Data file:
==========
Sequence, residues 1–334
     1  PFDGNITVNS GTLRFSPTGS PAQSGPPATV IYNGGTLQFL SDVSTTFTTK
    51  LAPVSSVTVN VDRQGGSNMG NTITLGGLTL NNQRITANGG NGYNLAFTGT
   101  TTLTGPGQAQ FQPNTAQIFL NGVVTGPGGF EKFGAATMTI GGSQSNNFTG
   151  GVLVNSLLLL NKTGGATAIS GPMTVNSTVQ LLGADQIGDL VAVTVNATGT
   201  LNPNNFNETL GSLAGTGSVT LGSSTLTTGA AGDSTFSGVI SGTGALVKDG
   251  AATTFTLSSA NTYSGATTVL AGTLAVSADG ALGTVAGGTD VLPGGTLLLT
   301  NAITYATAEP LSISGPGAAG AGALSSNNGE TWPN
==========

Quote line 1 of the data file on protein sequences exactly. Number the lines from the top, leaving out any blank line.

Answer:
Sequence, residues 1–334